Into the Blue Hole: Scuba Dive Belize's Lighthouse Reef Atoll

Blue Hole, Belize
Blue Hole, Belize  (Top Photo Group/Thinkstock)

Tracing its way along Belize's white-sand coast, Lighthouse Reef forms an integral section of the longest coral reef system in the Western Hemisphere. Its crown aquatic jewel, Blue Hole National Monument, lures legions of wetsuit-clad admirers the world over, but the reef is also endowed with plenty other coral formations, aquatic walls, and dive sites to keep even the most wave-weary under the surface of the Caribbean.

Just 50 miles southeast of Belize City, the physical mass of Lighthouse Reef is meager: only 30 miles long and eight miles wide. Yet some of the country's most impressive dives are to be had within this atoll. Most divers first stop at Blue Hole National Monument—and with good reason. The monument was formed from 15,000-year-old caverns that collapsed, creating a 1,000-foot-wide sinkhole. Centered in 75 square feet of shallow water, the hole descends over 400 feet, with a straight, 125-foot vertical descent. The Blue Hole looks most impressive from the air—brilliant shades of blue rapidly shift from the lightest of Caribbean aqua to the deepest navy as you approach the monument's apex, but its true glories aren't merely skin deep: shallow reefs around the perimeter of this aquatic abyss burst with vibrant coral, home to angelfish, butterfly fish, sea urchins, and giant green anemones, while a vast network of underwater valleys and tunnels lie hidden in its deep-blue heart.

But, while Blue Hole may receive the lionfish's share of attention (Jacques Cousteau was an ardent admirer), the Lighthouse Reef's best full-on diving can be found at Half Moon and Long Cayes; Half Moon Caye Natural Monument is easily the best of the 40 or so dive sites on the atoll. Off the eastern coast of Lighthouse, this shallow reef shelf rests in 15 feet of water, giving novice divers and snorkelers the chance to intermingle with the underwater locals, including an impressive population of garden eels. Delving deeper into the Caribbean, a 20-foot reef wall supports a bustling contingent of nurse sharks, gigantic stingrays, featherduster worms, sea anemones, shrimps, crabs, starfish, angelfish, damselfish, butterfly fish, and parrot fish. The reef then plunges another 1,000 feet down Half Moon Wall, where a colorful riot of sponges and coral growth intermingle with sea turtles, sea fans, barracuda, lobsters, morays, jacks, wahoos, groupers, and millions of smaller fish. Long Caye, positioned on the southern outshoot of Lighthouse Reef Atoll and directly west of Half Moon Caye, is a remote outpost of big palms and glassy water that protects the same impressive aquatic life found at Half Moon—but without the crowds, the shoals of fish notwithstanding.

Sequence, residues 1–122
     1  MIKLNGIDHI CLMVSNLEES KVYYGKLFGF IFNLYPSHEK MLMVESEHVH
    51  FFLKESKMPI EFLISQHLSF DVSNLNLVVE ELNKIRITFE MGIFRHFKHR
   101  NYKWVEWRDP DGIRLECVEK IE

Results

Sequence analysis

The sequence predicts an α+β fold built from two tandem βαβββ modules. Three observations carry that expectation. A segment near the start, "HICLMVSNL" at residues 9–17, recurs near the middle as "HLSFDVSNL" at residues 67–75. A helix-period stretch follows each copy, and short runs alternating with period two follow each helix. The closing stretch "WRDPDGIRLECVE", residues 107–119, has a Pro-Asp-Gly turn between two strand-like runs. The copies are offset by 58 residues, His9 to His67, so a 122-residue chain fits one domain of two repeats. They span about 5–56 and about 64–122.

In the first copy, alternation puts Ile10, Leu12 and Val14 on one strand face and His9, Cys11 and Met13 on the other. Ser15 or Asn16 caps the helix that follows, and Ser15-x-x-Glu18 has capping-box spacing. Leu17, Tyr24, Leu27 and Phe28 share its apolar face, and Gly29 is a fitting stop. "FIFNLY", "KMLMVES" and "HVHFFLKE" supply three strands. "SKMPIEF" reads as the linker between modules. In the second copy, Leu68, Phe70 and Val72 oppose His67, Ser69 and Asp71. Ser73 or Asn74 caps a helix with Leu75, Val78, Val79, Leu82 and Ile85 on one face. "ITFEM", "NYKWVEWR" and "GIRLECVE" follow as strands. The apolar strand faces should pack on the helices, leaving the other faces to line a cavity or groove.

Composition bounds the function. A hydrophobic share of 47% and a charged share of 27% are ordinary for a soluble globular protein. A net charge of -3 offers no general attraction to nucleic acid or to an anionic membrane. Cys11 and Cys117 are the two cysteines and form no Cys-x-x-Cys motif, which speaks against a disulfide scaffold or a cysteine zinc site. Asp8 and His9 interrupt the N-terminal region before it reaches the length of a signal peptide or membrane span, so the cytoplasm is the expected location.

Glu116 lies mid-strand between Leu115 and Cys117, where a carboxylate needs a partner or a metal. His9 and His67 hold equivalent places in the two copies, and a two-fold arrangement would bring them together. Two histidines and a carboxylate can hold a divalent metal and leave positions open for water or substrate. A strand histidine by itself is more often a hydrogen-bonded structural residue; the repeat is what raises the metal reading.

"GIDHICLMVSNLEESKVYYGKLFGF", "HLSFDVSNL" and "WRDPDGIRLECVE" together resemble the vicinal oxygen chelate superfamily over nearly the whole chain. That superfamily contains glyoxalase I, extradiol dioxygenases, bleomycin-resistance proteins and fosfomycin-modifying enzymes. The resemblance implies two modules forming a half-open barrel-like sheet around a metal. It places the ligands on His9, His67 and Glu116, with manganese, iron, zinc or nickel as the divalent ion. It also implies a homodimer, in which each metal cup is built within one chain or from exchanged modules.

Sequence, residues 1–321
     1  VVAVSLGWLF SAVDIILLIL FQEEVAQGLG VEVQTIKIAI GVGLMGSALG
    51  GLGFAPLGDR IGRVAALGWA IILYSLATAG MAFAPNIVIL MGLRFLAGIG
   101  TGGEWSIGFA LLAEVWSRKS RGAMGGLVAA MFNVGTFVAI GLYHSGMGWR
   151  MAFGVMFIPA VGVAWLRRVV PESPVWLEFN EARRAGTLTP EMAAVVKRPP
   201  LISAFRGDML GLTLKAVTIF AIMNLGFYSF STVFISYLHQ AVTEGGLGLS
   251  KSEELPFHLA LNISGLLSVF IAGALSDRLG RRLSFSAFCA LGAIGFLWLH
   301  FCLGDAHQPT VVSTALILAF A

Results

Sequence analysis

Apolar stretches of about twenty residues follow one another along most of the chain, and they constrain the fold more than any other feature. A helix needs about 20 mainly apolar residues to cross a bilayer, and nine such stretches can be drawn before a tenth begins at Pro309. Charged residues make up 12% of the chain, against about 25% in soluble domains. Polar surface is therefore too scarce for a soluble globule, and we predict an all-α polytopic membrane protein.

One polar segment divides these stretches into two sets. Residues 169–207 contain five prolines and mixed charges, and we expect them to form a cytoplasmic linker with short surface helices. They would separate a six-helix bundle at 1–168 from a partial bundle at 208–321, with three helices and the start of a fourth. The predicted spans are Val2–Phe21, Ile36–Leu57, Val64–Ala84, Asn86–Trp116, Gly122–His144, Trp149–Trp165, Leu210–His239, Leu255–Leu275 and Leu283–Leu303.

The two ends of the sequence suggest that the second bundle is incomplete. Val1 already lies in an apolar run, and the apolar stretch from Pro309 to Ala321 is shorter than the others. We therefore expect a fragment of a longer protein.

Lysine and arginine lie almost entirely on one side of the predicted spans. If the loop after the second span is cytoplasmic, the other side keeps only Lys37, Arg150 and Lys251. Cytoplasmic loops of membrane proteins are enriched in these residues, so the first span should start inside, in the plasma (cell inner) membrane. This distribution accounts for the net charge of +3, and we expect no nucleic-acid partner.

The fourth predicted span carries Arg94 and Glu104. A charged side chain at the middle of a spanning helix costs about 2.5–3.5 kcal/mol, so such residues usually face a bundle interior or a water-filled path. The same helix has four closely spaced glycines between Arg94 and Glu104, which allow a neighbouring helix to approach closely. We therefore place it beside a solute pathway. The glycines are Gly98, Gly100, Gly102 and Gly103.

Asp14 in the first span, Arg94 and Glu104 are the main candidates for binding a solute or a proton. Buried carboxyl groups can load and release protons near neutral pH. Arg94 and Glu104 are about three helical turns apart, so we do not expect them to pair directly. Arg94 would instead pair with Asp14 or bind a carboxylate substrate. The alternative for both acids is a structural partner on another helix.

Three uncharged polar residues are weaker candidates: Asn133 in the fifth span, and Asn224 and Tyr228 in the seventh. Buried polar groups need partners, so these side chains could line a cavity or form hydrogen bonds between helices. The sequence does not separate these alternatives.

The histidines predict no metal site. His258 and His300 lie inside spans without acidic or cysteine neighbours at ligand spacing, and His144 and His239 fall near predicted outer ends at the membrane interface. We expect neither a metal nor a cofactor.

A small airstrip on Big Northern Caye enables daytrippers to drop in from Belize City, and a flotilla of boats is on hand to take visitors out to easily accessible dive and snorkeling sites. However, hook up with a regional outfitter and plan on staying on Lighthouse Atoll for at least four days—you'll only scratch the surface, but that will more than likely be enough to get you to return. Those drawn to Blue Hole should temper all pulls of gravity with the sobering fact that some experience is necessary to plumb the monument's depths—local guides with solid diving reputations are highly recommended.

Published: 7 Jan 2003 | Last Updated: 17 Jul 2012
Details mentioned in this article were accurate at the time of publication


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